With a couple thousand seedlings germinated and needing a place to go and no functioning greenhouse, yesterday was definitely the time to get the caterpillar tunnel set up. I spent the morning potting up lettuce and broccoli seedlings and my spring intern from Hendrix showed up mid-afternoon to pitch in. Robert and my dad finished putting up the caterpillar tunnel just before dark.
This afternoon Milan helped me finish potting up the first round of broccoli by filling my trays with dirt.
I feel like over the years I become desensitized about a chicken dying. That used to be traumatic for me. Not like dog or horse traumatic, but traumatic nonetheless. It helped when my flock grew big enough that I couldn't tell all of the birds apart and they didn't all have names. Regardless, there are always a few that take it upon themselves to become more like pets and less like farm animals.
This was especially true of this strange little chicken that attached herself to Milan that he called Gray Bird.
This bird waited by the gate for him to come into the chicken yard and stuck by his side till he left.
Yesterday afternoon I saw gray bird in the process of laying an egg in a strange place outside of the laying boxes. I didn't think much of it until Milan and I did chores a few hours later and she was in the same spot. Assuming she might be egg-bound, I searched the web on my phone for what to do about an egg-bound hen while I fed the horses. When I finally got to her, it was pretty clear she had worse problems than a bound egg. I didn't know until last night that a chicken could prolapse but I'm pretty sure that is what happened to her. Unfortunately a prolapsed chicken doesn't have a great prognosis. Her suffering ended when Robert got home from work.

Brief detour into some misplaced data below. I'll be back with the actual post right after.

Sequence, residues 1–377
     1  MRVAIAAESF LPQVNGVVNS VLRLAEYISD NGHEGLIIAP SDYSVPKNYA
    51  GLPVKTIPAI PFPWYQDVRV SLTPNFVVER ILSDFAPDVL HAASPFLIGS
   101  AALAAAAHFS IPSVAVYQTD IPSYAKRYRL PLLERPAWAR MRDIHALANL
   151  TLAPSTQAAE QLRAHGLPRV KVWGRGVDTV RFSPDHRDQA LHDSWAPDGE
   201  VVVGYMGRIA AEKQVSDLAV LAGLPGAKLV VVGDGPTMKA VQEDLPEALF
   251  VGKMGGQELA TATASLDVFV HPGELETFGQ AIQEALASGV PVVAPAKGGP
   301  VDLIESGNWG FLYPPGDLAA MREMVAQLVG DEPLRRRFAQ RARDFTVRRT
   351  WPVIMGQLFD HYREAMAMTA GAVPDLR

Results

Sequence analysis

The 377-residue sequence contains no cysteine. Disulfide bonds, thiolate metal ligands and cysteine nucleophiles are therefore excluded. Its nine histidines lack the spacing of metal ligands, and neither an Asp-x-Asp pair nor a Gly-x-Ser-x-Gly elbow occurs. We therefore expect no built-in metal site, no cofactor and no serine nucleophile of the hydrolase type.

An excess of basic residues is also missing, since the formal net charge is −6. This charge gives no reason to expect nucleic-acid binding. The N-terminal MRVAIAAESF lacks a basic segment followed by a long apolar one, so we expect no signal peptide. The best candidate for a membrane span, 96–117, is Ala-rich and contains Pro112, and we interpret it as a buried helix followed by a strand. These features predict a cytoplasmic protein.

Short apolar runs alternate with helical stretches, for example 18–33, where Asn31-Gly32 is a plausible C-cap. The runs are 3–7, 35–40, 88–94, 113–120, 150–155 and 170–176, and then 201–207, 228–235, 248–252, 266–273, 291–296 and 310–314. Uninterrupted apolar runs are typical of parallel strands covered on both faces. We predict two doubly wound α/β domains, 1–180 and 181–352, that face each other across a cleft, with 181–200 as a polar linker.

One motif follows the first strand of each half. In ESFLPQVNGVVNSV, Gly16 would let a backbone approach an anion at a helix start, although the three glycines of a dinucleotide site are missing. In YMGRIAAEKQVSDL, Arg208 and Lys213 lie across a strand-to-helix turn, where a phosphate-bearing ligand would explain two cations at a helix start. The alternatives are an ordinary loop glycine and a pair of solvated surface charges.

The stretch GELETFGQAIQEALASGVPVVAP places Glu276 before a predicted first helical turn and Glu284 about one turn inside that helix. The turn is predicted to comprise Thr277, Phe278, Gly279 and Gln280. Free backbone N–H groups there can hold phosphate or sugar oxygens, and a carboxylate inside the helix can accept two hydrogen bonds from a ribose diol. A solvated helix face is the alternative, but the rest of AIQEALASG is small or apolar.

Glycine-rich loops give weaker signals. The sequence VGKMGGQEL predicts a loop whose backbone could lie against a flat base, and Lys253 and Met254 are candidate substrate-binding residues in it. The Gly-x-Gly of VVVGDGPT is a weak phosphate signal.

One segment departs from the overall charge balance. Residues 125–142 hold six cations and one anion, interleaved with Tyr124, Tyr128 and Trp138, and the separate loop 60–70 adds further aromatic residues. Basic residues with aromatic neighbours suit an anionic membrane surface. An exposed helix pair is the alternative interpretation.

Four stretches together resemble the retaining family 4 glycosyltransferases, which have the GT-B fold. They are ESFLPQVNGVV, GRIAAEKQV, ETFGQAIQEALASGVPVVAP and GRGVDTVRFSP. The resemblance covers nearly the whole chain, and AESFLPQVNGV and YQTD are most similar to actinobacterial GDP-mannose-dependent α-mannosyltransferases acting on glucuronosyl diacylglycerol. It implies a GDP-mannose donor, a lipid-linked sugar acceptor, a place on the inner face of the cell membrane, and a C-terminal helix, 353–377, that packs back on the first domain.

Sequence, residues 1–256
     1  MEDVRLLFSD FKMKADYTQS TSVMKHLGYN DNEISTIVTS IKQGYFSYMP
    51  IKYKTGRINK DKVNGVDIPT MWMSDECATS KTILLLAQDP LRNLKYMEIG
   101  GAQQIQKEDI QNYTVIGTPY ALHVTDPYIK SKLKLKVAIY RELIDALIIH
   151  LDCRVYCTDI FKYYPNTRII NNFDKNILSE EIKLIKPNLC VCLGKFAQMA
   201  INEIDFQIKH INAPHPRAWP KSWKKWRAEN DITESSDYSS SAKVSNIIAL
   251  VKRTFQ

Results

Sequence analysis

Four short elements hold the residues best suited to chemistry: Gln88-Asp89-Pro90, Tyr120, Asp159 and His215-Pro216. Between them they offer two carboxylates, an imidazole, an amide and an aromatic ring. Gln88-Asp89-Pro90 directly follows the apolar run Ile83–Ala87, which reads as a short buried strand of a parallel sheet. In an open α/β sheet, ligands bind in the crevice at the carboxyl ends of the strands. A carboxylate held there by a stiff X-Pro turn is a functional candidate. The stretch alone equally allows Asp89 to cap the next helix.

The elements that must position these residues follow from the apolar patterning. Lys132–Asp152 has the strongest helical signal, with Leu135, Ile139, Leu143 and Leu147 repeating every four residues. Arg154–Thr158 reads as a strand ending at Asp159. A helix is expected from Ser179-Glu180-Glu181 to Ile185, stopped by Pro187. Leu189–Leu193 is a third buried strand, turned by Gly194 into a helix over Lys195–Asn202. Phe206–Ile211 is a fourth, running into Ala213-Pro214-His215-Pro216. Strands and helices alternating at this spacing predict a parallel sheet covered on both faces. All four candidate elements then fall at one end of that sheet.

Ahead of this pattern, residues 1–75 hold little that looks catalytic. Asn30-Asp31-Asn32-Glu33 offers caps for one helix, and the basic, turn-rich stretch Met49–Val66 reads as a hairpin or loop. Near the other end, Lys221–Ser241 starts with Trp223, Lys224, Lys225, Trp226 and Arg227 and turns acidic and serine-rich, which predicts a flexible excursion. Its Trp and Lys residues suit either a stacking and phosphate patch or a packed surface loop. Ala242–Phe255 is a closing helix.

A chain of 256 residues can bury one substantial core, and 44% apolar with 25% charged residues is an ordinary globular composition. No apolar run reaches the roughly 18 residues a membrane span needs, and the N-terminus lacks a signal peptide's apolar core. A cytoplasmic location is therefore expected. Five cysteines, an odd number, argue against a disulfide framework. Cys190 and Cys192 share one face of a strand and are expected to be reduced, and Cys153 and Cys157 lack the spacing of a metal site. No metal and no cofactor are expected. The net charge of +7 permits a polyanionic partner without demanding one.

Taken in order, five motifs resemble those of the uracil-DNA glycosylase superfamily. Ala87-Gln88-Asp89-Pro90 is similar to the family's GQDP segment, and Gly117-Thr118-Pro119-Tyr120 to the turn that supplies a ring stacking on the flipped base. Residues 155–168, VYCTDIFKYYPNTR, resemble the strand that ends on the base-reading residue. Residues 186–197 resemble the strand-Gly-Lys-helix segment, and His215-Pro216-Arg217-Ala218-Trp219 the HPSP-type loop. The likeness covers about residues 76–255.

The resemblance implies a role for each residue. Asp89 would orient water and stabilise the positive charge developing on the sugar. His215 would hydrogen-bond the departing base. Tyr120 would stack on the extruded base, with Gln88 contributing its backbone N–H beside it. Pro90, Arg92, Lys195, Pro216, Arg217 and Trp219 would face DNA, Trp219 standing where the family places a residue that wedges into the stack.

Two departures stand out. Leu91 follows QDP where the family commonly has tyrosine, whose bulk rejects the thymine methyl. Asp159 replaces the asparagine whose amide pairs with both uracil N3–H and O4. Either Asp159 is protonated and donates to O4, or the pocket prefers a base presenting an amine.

This morning Milan woke with a runny nose and I told him I hoped he wasn't getting sick. He looked at me very seriously and said, "Mom, gray bird sick." I know he won't take this nearly as hard as I do and will forget about this bird soon enough. But tonight I don't look forward to picking up eggs.
I have totally slacked on progress reports about the walk-in cooler. Robert's spent so much time working on it in the last two weeks and it's almost done! We stalled out for a few days while we waited for an A/C unit to arrive-apparently you can't just go to Home Depot and buy an A/C unit in January. It showed up last Thursday and Robert spent the weekend cutting the final panels and standing the walls up.
When yesterday's snow sent him home from work early, he was able to get the roof panels cut and set on top of the cooler. Before the roof is permanently in place though he needs to finish running wires for the light, the A/C unit and the CoolBot (the contraption that allows the A/C unit to reach the lower temperatures that we need).
A few days before Christmas we got the call that our insulated panels for the cooler were in and we needed to come get them. So Milan and I loaded up and headed on a little road-trip to pick them up. A company called Centria down in Sheridan makes these panels and a small company called Sizemore Metal gets their overruns in random quantities and sizes and sells them to the public. We picked up a stack of 10 and 13 foot pieces and Robert has been cutting them down to 8 foot pieces to make them fit in the space we need them.
Almost time to see if they are going to fit together!
A long drive to and from Iowa over Christmas left us with plenty of time to reflect on the past year and we are so thankful for how great 2012 was for our family and our farm. I am so excited for the 2013 growing season and the new opportunities it brings. I need to thank all of our family, friends and customers that make it possible for me to do what I love to do. For tonight I'll leave with a few family pictures from Christmas up north. Coming soon will be a few changes to the website, pictures of walk-in cooler progress and some news regarding our plans to connect our food with our rural neighbors. Happy New Year, y'all!